catapult magazine

catapult magazine

Vol 10, Num 18 :: 2011.10.14 — 2011.10.27


Sacredness in the margins

All these people were still living by faith…They did not receive the things promised; they only saw them and welcomed them from a distance, admitting that they were foreigners and strangers on earth. People who say such things show that they are looking for a country of their own.

Hebrews 11:13-14

When I was growing up, I spent much of my time feeling on the margins of social situations. See, I was shy, and we moved quite a bit. Each time we moved it took me some time to really get to know good friends, so I learned to hang around on the edges. Eventually I would make friends, but I became fearful of having to move again, so I often resisted getting too close to new people too soon.

This was ironic in some ways, because I was a huge reader, and there, in books, I spent little time in the margins. I plowed my way into the heart of the text in the center of the page, paying little heed to the blank areas on the edge that facilitated my reading and allowed me to focus on the central text.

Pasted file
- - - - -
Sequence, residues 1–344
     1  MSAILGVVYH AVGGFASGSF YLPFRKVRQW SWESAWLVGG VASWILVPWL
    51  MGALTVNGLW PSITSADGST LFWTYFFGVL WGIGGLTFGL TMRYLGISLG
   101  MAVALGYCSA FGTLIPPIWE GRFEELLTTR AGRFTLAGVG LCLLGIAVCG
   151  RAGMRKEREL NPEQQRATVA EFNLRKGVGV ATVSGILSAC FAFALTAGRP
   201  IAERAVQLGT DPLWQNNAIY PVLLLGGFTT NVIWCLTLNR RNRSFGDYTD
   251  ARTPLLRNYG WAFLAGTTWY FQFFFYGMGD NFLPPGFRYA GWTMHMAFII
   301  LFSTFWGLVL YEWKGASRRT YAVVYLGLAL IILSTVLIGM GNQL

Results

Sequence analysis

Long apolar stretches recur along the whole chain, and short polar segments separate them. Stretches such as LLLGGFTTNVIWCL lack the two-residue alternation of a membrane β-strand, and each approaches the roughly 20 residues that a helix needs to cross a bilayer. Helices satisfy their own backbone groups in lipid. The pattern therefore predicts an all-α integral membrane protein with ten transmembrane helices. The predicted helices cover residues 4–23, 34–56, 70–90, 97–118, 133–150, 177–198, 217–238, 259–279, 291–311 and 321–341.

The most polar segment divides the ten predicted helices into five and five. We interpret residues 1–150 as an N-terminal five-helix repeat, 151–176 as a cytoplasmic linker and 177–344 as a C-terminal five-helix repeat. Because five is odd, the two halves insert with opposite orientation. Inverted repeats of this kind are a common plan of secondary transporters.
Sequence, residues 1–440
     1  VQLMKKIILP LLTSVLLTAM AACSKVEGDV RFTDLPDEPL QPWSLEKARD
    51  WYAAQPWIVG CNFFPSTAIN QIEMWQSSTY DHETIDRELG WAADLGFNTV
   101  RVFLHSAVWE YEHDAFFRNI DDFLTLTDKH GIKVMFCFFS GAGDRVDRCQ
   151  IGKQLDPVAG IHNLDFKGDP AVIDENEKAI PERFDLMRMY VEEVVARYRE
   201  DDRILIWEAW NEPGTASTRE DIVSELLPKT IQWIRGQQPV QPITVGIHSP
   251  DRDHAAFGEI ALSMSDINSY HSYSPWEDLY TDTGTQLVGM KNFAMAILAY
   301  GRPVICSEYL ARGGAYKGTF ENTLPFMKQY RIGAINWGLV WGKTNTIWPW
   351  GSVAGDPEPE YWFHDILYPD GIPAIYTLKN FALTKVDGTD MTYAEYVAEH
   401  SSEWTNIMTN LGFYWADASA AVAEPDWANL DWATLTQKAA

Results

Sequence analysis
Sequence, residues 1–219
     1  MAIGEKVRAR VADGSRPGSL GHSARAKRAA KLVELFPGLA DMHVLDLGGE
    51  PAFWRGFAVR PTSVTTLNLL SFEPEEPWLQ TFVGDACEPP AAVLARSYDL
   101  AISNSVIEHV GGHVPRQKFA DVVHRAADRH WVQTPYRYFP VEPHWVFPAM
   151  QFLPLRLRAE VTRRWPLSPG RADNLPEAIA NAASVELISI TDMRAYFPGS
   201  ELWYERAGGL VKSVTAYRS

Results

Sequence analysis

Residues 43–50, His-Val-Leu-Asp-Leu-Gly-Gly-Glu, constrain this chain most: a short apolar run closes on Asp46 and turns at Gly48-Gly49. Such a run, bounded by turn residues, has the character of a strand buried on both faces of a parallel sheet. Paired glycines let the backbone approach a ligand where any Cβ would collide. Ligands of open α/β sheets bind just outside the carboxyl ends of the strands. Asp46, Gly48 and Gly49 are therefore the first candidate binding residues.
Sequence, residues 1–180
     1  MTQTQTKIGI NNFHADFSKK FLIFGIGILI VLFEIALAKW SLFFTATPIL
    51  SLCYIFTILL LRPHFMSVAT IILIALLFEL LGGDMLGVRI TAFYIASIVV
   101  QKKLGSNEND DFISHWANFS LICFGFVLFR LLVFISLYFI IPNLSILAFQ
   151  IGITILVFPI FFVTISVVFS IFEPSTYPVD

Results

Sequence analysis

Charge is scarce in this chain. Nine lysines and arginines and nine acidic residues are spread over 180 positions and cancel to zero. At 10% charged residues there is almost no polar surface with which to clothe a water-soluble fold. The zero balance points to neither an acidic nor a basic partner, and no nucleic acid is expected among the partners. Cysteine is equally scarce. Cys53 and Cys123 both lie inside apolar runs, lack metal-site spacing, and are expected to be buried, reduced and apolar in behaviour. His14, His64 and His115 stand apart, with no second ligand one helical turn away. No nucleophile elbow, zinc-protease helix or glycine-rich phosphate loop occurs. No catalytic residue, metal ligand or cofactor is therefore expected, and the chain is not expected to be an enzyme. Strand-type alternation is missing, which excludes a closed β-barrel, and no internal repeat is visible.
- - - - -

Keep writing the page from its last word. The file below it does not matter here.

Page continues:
In those page centers I experienced the lives of other would-be outcasts and outsiders and followed the ways they dealt with their troubles.

Charlie, who was poor and starving, gained a chocolate factory and a crazy but kindly mentor in the deal.

Anne, an orphan, gained love and acceptance and a home along with a bosom friend when she moved to Green Gables. (Hilarity ensued.)

And who can forget all the romantic heroines who were saved from marginal spinsterhood by handsome and often wealthy men?

Of course, not all of my outsider tales included outsiders who felt like insiders by the end of the book.  Another group of stories illustrated another set of truths.

Meg Murry of the Wrinkle in Time series still felt plain and ordinary at the end of the first book, even if she did ultimately gain a husband she loved in the later books.

The Pevensie children may have been kings and queens in Narnia, but they still had to deal with World War II and growing up back home in England, and by her third trip to Narnia, queen Lucy still felt inferior to her sister Susan.

Frodo Baggins felt so damaged by his experiences that he ultimately left his home because he didn’t feel he belonged there anymore.

All of these and other stories began to give me a glimpse of what it means to truly be an outsider. There’s the dream of the condition simply going away at some point in our lives. Happily-ever-after tales reflect this desire, and the first set of stories fit fairly well into that group, despite their unpleasant beginnings and middle parts.

This second group of stories reflects a less pleasant truth: that until this earth is ultimately renewed, struggles continue. The feeling of being an outsider doesn’t go away so easily. Family, friends, marriage, social acceptance, achievement that gains fame: all of these things are well and good, but they don’t fix everything, nor do they erase that fundamental loneliness in all of us that lies at the heart of our outsider feelings.